This morning’s key headlines from GenerationalDynamics.com
- The daily needs of a single Ebola patient
- U.N. envoy makes highly emotional appeal to Turkey to save Kobani
- Renewed violence in Central African Republic despite peacekeepers
The daily needs of a single Ebola patient
Health care workers in Liberia carry the body of an Ebola victim (EPA)
According to a televised report appearing on al-Jazeera, caring for anEbola patient uses up the following resources every day:
- 52.8 gallons of water
- 20 gallons of bleach
- 8 pairs of gloves
- 3 body suits
That doesn’t include any medications.
It’s estimated that there are currently at least 8,000 people sickwith Ebola in West Africa. That number is expected to be well intothe tens of thousands by the end of the year, and then to double everythree weeks after that. Washington Post
U.N. envoy makes highly emotional appeal to Turkey to save Kobani
Steffan de Mistura, the United Nations envoy to Syria, made a highlyemotional appeal to Turkey on Friday to aid the Kurds in the Syrianborder city of Kobani, under attack by the Islamic State of Iraq andSyria (IS or ISIS or ISIL). Turkey is demanding that the U.S. changeits strategy in Syria to attack the Bashar al-Assad regime, as well asISIS fighters. ( “10-Oct-14 World View — Turkey and America play a game of ‘chicken’ over ISIS and Kobani”)
De Mistura invoked the memory of the 1995 massacre at Srebrenica,which is the subject of trials in the Hague to convict Serb leaders ofwar crimes. According to de Mistura:
You remember Srebrenica? We do. We never forgot. Andprobably we never forgave ourselves for that.
If Kobani falls, there will be close to 400 kilometers of theTurkish border basically under control of ISIL out of 900. Andwhat would be next? Other villages? Even Aleppo?
There are the images that we don’t want to see, we cannot see andI hope you will not be seeing of people beheaded, of the defendersand civilians.
De Mistura did not ask Turkey to send its own troops to defend Kobani.Instead, de Mistura asked Turkey to permit Kurdish fighters in Turkeyto cross the border into Syria so that they can join the fight againstISIS. However, Turkey has previously indicated that no such requestwill be granted, because Turkey’s Kurdish fighters would be members ofthe separatist terror group Kurdistan Workers Party (PKK), with whomTurkey fought a decades long civil war. McClatchy
Renewed violence in Central African Republic despite peacekeepers
The United Nations Security Council is threatening the government ofCentral African Republic (CAR) with sanctions after a Pakistanipeacekeeper was killed on Thursday after an attack by “unknownperpetrators” in Bangui, CAR’s capital city. According to a statementby U.N. Secretary-General Ban Ki-moon, “The secretary-general condemnsin the strongest possible terms the killing and wounding of UNpeacekeepers. Such acts against those who are working towards peaceand security in the Central African Republic are entirelyunacceptable. The perpetrators of the violence, which has alsoresulted in a number of civilians killed since the clashes in thecapital began on 7 October, must also be brought to justice.”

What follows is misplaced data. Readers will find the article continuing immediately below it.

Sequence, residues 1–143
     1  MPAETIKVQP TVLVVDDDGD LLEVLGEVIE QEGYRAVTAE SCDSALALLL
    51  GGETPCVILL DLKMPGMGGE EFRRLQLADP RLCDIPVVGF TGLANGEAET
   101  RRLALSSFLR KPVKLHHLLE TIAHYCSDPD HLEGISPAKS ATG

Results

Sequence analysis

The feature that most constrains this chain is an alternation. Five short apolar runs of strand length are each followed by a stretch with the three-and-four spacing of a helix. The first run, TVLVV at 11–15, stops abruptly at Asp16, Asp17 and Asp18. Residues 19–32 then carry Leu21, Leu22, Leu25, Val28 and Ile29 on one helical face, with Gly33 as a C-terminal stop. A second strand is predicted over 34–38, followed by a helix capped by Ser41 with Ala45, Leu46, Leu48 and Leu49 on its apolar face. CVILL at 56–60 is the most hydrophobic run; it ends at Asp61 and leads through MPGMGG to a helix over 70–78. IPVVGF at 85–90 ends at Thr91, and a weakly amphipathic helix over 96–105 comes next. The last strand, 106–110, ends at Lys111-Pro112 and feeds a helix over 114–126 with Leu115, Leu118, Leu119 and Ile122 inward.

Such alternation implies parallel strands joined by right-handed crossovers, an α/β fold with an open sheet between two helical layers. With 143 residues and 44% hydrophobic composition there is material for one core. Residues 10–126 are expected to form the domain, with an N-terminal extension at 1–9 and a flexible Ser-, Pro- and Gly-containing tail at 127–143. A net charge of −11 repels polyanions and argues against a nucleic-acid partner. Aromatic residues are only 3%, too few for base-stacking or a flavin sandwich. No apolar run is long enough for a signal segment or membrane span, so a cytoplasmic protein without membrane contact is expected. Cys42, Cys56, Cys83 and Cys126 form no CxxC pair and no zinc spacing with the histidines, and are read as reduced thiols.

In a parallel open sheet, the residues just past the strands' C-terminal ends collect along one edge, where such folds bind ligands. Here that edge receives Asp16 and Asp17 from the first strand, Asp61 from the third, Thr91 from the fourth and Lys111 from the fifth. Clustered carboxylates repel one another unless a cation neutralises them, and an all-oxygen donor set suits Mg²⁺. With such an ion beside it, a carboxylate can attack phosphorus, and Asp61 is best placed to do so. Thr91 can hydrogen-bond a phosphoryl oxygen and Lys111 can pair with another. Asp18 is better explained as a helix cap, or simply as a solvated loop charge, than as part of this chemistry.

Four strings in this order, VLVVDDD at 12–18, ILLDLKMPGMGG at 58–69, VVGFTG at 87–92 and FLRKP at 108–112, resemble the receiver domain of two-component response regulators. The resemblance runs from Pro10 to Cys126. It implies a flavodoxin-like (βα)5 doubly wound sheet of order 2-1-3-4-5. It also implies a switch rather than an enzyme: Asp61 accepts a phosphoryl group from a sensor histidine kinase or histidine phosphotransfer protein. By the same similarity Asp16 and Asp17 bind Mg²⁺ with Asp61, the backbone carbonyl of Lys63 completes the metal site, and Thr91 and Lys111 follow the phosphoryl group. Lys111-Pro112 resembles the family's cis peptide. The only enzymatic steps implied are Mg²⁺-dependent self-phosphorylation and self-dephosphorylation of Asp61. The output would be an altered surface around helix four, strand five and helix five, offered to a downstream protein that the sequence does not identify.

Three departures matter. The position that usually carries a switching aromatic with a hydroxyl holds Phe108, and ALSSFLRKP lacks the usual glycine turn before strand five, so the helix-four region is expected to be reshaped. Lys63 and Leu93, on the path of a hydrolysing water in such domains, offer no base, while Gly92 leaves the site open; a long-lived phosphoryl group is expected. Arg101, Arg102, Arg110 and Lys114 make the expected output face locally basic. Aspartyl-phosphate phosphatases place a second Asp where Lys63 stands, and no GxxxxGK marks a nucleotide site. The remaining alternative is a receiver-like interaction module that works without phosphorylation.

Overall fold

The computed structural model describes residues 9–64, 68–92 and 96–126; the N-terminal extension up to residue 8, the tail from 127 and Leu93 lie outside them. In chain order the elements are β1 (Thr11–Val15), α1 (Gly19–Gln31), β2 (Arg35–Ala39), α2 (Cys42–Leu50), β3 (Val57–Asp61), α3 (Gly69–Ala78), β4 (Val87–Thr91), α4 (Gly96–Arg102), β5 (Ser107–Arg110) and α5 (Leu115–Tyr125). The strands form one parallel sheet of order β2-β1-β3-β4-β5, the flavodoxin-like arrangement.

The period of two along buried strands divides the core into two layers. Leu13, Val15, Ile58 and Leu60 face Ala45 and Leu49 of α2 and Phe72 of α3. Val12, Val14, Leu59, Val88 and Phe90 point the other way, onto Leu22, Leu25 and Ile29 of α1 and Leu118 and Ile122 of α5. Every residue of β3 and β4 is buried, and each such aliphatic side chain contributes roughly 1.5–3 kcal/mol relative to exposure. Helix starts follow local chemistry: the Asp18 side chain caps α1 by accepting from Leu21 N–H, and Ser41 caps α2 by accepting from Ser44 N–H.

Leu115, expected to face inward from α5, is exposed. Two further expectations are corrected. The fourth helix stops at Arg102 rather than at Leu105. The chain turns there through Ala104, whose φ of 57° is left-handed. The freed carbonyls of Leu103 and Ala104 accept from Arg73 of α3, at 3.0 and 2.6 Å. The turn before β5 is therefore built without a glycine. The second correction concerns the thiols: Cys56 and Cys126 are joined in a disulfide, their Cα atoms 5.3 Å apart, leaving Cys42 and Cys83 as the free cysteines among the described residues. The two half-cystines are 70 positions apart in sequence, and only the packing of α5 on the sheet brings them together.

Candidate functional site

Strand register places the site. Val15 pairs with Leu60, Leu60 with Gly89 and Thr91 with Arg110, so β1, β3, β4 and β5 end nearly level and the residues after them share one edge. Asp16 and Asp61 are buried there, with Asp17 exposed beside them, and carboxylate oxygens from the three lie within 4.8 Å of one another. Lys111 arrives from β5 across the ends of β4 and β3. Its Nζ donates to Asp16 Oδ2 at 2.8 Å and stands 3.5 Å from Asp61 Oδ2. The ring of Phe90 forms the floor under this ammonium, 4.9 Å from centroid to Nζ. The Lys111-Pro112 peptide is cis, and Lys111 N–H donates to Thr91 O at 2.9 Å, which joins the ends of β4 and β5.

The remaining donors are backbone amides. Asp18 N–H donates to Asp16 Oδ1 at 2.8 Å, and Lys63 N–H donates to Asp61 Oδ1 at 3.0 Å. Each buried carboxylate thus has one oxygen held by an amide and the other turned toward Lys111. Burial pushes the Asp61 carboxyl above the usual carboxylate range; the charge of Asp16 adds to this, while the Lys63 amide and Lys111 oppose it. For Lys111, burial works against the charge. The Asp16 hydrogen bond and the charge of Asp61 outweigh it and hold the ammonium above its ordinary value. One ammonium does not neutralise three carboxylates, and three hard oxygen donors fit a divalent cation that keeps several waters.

Several hours after Ban’s denunciation on Friday, an armed group firedon U.N. peacekeepers, wounding six.
These attacks come amid a sudden increase in mob violence in Bangui,breaking a July 23 ceasefire agreement. The ceasefire was partiallyobserved in Bangui, but CAR is a country the size of France, andfighting has continued in villages to the north and west.
This week, Bangui has seen its most significant violence in months,resulting in “many casualties.” A Muslim man was lynched, decapitated, and his body torched by anti-Balaka Christian fighters on Tuesday, anda Muslim Seleka fighters killed a taxi driver in revenge, sparking thelatest violence. Gunfire and explosions rang out in Bangui onThursday. In all, 25 people, excluding peacekeepers, have beenwounded since the new round of fighting began.
CAR is in a generational crisis war, which will not end until it runsits course and reaches a climax.
CAR’s last generational crisis war was the 1928-1931 Kongo-WaraRebellion (“War of the Hoe Handle”), which was a very long time ago,putting CAR today deep into a generational Crisis era. The earlystages of the new generational crisis war began last year when MuslimSeleka militias began committing atrocities. French Foreign Legiontroops arrived to disarm the Seleka militias, but then the Christiananti-balaka militias “rushed into the vacuum,” and began committingatrocities this year, for revenge.
Recent reports indicate that both sides are regrouping for newfighting. The U.N. peacekeepers may be able to partially delay someof the fighting, but there won’t be peace in CAR until the war has runits course. Daily Times (Pakistan) and Al Jazeera and AP
KEYS: Generational Dynamics, Ebola, Liberia,Steffan de Mistura, United Nations, Turkey, Syria, Kobani,Kurdistan Workers’ Party, PKK,Islamic State / of Iraq and Syria/Sham/the Levant, IS, ISIS, ISIL,Central African Republic, Ban Ki-moon, Seleka, anti-Balaka,Kongo-Wara Rebellion, War of the Hoe Handle
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